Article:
245 F2d 848 Krug v. Lincoln National Life Insurance Company

245 F.2d 848

Alice Margaret KRUG, Appellant,

No. 16524.

United States Court of Appeals Fifth Circuit.

June 10, 1957.

Malcolm McDermott, McAllen, Tex., William E. York, James C. Abbott, McAllen, Tex., for appellant.

Harry L. Hall, Mission, Tex., Strickland, Wilkins, Hall & Mills, E. G. Hall, Mission, Tex., for appellee.

Before HUTCHESON, Chief Judge, and TUTTLE and JONES, Circuit Judges.

HUTCHESON, Chief Judge.

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This cause began with the usual and ordinary allegations in a usual and ordinary suit upon a usual and ordinary life insurance policy containing the usual ordinary suicide clause.1 As thus begun, it presented the usual and ordinary issue of fact where the clause is, as here, relied on as a defense.2


On June 18, the date the cause was set for trial, plaintiff, moving for judgment on the ground that the suicide clause was void since it never had been approved by the Texas Board of Insurance Commissioners and such approval was required by Art. 3.45, subd. 3 of the Texas Insurance Code, V.A.T.S., injected into the cause a new and paramount issue which, dominating the proceedings below, has become the sole issue on this appeal.


A certificate of the chairman of the board attached to the motion certified: that the defendant's specimen policy form 33-10-52 was on file in the office; and that there was no reference to the form or any part of it in the Minutes or other records of board action.


Defendant's objection to the late filing of the motion, on the ground that it had been stipulated on pretrial that the only issue in the case was suicide, was overruled, and the motion was carried along with the case with the right to counsel to offer testimony on the motion if necessary.


The issue of whether Krug had committed suicide was then tried and submitted to a jury and answered in the affirmative by it, and thereafter plaintiff moved for judgment notwithstanding the verdict on the grounds: (1) of the insufficiency of evidence to overcome the presumption against suicide; and (2) that the suicide clause to be valid had to be, and was not, approved by the board, and it was, therefore, void.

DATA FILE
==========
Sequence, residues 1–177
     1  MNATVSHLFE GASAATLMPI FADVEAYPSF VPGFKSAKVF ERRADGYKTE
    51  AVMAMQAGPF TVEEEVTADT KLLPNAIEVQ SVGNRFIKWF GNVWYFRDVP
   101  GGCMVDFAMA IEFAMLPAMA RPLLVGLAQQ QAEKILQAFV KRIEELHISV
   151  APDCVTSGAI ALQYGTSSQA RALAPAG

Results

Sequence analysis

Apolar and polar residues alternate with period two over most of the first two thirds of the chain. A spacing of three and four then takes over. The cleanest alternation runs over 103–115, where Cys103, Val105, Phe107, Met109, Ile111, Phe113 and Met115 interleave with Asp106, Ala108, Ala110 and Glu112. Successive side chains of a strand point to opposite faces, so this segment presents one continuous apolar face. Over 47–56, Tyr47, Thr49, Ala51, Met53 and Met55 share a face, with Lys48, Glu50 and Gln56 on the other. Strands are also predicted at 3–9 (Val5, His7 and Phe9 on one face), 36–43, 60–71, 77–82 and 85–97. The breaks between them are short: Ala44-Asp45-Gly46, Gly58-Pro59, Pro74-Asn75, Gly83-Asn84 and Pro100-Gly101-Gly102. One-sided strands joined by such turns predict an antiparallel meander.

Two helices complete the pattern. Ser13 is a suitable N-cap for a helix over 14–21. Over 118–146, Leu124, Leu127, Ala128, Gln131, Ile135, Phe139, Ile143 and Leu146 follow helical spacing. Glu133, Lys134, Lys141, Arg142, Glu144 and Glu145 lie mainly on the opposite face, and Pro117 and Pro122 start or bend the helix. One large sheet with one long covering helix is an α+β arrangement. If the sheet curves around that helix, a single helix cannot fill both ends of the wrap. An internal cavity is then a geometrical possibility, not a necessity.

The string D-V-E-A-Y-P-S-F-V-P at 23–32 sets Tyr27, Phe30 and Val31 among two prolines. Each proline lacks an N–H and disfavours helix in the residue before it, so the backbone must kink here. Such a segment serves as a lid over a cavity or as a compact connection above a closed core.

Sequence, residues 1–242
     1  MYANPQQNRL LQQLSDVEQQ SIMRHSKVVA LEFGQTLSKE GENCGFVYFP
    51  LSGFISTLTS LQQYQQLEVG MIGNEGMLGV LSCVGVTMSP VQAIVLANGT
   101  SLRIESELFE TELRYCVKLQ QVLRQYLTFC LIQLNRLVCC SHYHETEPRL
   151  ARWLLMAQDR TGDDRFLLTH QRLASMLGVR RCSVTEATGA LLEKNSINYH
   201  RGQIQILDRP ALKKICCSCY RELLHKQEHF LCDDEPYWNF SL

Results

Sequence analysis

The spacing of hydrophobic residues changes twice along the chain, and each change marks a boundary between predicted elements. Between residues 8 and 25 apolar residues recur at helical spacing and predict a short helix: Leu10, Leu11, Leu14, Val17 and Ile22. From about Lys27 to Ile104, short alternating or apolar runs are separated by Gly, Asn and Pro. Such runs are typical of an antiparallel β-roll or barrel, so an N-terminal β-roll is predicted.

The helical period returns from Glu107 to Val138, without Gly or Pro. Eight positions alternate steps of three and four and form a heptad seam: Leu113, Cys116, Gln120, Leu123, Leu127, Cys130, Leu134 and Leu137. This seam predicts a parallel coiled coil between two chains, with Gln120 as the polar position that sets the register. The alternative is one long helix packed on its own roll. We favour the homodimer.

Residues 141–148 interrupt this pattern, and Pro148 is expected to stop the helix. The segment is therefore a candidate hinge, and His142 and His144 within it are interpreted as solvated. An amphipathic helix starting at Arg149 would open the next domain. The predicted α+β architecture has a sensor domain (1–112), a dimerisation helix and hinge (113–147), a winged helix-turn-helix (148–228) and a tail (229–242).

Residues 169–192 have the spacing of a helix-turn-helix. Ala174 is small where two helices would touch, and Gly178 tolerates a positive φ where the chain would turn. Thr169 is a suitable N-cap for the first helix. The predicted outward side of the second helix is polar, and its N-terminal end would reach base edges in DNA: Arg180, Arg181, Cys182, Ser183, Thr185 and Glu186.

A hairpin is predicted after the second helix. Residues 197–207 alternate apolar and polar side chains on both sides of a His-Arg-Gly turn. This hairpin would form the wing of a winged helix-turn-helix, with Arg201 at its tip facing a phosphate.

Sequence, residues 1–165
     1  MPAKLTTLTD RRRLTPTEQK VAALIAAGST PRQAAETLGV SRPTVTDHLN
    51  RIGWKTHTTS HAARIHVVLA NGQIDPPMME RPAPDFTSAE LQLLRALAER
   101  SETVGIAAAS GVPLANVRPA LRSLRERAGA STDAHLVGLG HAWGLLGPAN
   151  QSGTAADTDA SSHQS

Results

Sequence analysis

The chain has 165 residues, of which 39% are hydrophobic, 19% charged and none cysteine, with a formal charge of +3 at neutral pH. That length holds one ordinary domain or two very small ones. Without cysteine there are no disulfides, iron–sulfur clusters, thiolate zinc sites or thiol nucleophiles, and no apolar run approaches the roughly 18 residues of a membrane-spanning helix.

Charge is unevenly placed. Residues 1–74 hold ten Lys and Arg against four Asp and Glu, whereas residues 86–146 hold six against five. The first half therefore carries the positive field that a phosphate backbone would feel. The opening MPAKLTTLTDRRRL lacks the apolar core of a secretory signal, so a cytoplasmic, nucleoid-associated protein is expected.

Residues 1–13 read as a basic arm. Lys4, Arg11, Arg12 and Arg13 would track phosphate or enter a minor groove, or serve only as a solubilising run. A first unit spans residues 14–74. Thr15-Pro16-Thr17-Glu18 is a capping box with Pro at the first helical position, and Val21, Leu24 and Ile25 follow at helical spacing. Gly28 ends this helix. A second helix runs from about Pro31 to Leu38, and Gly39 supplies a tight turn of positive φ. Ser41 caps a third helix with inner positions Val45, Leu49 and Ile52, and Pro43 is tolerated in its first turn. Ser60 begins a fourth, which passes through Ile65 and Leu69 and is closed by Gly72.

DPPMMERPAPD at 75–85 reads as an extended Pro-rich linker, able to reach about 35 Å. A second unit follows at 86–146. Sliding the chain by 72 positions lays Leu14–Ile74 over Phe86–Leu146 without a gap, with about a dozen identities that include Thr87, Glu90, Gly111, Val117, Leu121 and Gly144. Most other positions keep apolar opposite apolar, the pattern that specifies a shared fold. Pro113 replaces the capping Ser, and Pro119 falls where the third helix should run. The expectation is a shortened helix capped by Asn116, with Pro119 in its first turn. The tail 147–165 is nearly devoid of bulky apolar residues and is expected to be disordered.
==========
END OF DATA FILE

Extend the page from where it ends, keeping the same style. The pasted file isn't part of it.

The district judge holding that the evidence fully supported, if indeed it did not require, the verdict and that the clause was valid, denied the motion.


Concluding that if the statute invoked by plaintiff requires approval of the suicide clause by the board, approval must be given by the board as in the case of the Railroad Commission and other state agencies,3 and that on the evidence the board, as such, did not consider or approve the form of a policy containing the suicide clause but simply permitted it to be filed pursuant to the practice of the board after it had been examined by a clerk, the district judge agreed with plaintiff's contention that the evidence did not show board approval. He disagreed, however, with her primary contention that the statute requires board approval and that failure to secure it rendered the clause void, and in an opinion setting out the statute and correctly, we think, giving his reasons4 for so doing, he concluded that the clause had been authorized by statute in 1909 and had continued ever since to be valid, and that the petitioner's attack upon it should be rejected. He entered judgment accordingly, and this appeal followed.

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Abandoning here her contention that the verdict of the jury that Krug had committed suicide must be set aside, and directing her whole attack upon the suicide clause as unauthorized because it must have had, and did not have, formal board approval, plaintiff's counsel struggles to maintain a position which is in the teeth of every act and fact in the record and in the history of life insurance policies in this state for the last half century, and which, if sustained, would invalidate as to the clause in question the thousands of policies heretofore issued and now issued and outstanding.


Apparently undaunted by the magnitude of her task and vigorously insisting that a proper construction of the statute under the principles of statutory construction requires a rejection of the district judge's view that the approval it refers to is limited to the then added provision for death of the insured resulting from aviation activities, plaintiff, invoking all the aids to stautory construction which she finds helpful and citing authorities which she claims support her view, makes a valiant effort to carry her heavy burden.